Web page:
So, even nowadays, the Bedouins are
considered to own a very pure, correct language, the language of famous
pre-Islamic poetry, which, along with the language of the Quran shape what is
called the 'Classical' language. (Classical, not only in
terms of history, but also in terms of a canon). And it is in this type
of language that the influence of the milieu is seen. Because of the stress
this culture of the desert put on the oral tradition, many written proofs do
not exist. But, even though maybe it is not the case here of influence on a
grammatical level, as in
Also, the Bedouins were considered to be people prone to meditation. The desert itself was the ideal place for thinking, solitude, discovering oneself. These were the circumstances in which their poetry was born and for which they are famous. Their language was a very lyric one, very melodic, similar to the soft curves of the dunes in the desert. It is impossible to disregard the influence of both natural and cultural environments in this case.
So, special poetry contests were organized in places, where the people were challenging each other by reciting poetry that was seen as a virtue. Though he is not the only one, Henri Lammens talks about the myth of the Bedouin. By no means was the latter looked upon as a barbarian or lacking manners. On the contrary, he was the expression of many qualities like hospitality, generosity, courage. He was very subtle and refined in language. The Bedouin, considered a master, was surrounded by many rawi, who were his disciples, the future poets, the ones who passed the oral literary tradition on.
As already mentioned, there was a very rich oral tradition, the only means of the descendants to get acquainted with the art of their ancestors. In terms of language, the same Ibn Khaldoun makes a very interesting observation: the language between craft (written form) and habit (oral form). He claims that the best way to learn is by memorizing after constant repetition. In citing Ibn Khaldun, Miriam Cook refers to words as 'veils': 'concealing, yet revealing links between thought and understanding' (Cook, 180). She continues saying: 'Language, according to Ibn Khaldun, begins as a habit, that is, it is the repeated correct usage of words and expressions in particular ways which are deemed most effective for communicating ideas' (Cook, 182). So, it is obvious the link that is made between language and the situation of its usage. The concept of 'habit' itself is relevant. The original word in Arabic is malakah. Its entries in the dictionary are: 'trait of character, natural disposition, aptitude, gift, faculty, talent' (Wehr, 1082). So, the ability to communicate appears to be a natural disposition of man, who possesses it (also, the root of this word malakah is the verb malaka which means to possess, be the owner of). And man himself, is the expression of the cultural background and space he was brought in.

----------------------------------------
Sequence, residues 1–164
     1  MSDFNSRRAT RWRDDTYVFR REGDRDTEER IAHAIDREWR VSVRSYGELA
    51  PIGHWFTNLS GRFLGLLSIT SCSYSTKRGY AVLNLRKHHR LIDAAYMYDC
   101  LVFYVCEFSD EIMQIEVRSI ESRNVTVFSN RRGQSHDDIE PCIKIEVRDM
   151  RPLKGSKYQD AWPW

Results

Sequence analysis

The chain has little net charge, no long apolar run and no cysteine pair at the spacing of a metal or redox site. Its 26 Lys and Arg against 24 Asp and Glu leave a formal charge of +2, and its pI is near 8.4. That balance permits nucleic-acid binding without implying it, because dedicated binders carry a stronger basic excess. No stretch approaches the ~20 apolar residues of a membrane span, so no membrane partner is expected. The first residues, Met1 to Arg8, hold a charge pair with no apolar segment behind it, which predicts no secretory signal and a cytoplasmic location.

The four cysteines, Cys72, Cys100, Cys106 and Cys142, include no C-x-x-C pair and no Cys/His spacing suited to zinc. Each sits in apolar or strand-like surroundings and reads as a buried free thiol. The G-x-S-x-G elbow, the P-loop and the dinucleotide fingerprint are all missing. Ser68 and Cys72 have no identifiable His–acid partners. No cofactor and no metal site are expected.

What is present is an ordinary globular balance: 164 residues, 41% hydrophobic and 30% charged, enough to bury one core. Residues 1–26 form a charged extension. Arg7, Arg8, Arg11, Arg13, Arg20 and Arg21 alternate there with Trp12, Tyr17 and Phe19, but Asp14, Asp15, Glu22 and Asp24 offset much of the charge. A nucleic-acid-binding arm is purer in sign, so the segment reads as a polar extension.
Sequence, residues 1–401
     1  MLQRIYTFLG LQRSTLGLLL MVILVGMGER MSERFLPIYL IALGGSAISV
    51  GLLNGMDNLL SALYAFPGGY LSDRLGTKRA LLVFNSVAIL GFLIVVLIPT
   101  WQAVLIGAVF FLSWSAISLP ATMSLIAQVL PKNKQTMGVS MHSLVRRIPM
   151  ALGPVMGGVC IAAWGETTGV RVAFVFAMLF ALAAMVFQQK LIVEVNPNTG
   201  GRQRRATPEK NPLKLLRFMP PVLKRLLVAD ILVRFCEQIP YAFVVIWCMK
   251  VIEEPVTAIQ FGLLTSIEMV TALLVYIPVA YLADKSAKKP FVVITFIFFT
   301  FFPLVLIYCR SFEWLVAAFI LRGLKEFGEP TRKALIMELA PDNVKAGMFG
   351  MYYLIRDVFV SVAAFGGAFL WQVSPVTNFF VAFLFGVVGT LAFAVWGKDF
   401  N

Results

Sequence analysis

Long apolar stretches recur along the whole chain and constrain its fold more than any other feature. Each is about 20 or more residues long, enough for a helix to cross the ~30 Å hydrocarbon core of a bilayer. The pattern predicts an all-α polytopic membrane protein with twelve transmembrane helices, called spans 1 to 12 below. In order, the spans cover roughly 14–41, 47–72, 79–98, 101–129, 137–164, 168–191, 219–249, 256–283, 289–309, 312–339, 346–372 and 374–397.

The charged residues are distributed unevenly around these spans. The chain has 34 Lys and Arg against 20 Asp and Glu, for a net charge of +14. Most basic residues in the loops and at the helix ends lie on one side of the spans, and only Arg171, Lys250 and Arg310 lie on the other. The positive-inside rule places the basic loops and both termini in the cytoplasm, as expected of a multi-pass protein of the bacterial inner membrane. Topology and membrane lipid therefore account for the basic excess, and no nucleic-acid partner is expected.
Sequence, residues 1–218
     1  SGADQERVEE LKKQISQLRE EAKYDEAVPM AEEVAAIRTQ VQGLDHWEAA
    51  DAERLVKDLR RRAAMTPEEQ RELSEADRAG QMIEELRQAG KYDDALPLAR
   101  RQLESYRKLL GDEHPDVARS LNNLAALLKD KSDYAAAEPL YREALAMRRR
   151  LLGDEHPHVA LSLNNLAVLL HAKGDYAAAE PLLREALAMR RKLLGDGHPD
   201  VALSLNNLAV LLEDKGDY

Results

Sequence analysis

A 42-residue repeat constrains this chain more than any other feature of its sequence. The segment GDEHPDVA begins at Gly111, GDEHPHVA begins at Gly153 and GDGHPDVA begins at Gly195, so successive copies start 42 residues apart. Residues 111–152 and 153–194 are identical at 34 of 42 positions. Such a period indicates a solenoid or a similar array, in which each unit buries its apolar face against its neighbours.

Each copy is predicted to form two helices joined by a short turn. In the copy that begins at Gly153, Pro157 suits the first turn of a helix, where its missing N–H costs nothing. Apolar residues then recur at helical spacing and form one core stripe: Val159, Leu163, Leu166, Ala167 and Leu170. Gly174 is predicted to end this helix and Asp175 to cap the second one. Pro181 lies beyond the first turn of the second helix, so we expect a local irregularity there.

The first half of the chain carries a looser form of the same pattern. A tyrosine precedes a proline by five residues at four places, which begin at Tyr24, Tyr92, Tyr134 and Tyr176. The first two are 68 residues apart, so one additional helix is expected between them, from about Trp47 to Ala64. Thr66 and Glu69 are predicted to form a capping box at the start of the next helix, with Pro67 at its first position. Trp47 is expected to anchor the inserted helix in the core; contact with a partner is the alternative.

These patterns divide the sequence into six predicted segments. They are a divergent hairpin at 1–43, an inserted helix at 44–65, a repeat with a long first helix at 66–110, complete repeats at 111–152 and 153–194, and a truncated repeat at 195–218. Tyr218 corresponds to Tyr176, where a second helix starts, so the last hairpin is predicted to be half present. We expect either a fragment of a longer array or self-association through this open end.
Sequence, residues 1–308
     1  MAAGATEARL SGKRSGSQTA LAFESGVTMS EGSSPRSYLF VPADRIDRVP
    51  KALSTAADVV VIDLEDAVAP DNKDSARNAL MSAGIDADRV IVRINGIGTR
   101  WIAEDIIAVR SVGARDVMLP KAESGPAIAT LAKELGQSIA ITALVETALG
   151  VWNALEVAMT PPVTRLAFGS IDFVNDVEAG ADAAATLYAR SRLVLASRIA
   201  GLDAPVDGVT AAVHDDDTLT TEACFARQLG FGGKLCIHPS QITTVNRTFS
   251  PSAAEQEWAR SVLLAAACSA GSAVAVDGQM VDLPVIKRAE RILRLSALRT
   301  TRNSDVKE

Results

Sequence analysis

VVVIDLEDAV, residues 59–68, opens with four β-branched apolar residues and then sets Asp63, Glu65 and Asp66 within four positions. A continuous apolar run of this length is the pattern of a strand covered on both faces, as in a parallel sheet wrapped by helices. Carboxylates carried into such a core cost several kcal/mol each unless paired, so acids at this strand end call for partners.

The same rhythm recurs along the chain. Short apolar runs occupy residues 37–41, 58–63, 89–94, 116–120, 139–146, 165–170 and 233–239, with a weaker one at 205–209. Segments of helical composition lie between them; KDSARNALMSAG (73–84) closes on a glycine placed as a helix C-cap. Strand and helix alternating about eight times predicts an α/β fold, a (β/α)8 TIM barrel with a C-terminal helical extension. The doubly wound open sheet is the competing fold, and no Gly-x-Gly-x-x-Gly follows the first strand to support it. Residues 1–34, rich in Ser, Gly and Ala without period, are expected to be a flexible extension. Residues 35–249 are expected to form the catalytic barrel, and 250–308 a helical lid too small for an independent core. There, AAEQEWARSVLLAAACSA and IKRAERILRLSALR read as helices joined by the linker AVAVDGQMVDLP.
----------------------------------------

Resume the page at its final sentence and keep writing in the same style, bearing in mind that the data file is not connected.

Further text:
The Linguistic Situation in the Arab Space Nowadays
The current linguistic situation of the Arab world nowadays is very ambiguous. It is the case of the standard Arabic, which is the language of the media, the literary production, the conferences, the official level, and the dialects, the common, day-to-day manner of speech between the people, the language of the streets. Though it was coined by analysts as diglossia, triglossia, quadroglossia or multiglossia, this situation is very relevant in terms of linguistic conflict as the expression of cultural conflict, among others.
I will present the situation of
When the Arabs conquered this part
of the world, they came across a local population, namely the Berbers, that had their own language and culture. This is
the first level. The second one is the Arabic of the vanquishers. Later on,
this area was a colonial
The encounter between these
languages was not a happy one. When they met, they clashed. Each group cared
about its language, as much as each group cared about its culture. If it were
only about a linguistic conflict, it would not have lasted that long and at
least one side would have made some concessions for the sake of the
communication process. But, the outcome nowadays is that, according to the
statistics, 40% of the population in
That is the reason for which this situation was called linguistic conflict. But if only language was taken into account, maybe things would have worked out easier. But the one who assumes that a conquered entity (Berbers) should give up its language in favour of a nation that defines itself through language (Arabs) and that a third party (French) should renounce one of its instruments of colonization is a naïve person. And this happens because language is not to be looked at in a 'technical' way exclusively.
As I tried to prove using the two cases (
I would not go that far as to affirm, as
If one learns a foreign language, he does it by using the experience of his life and culture. It is my belief that there is no such zero point from which one can start acquiring a language from scrap, in a total independent way of what he truly represents.
Anghelescu, Nadia. Limbaj si Cultura in Civilizatia Araba. Bucuresti: Editura Stiintifica si Enciclopedica, 1986
Cooke, Miriam. 'Ibn Khaldun and Language: From Linguistic Habit to Philological Craft' Journal of Asian and African Studies XVIII (1983): 179- 188
Everett, Daniel L. 'Cultural Constraints on Grammar and Cognition in Piraha.' Current Anthropology Volume 46. Number 4 (2005): 621- 646.
Lammens, Henri. Islamul. Bucuresti: Corint, 2003
Wehr, Hans. Arabic-
English Dictionary. Urbana,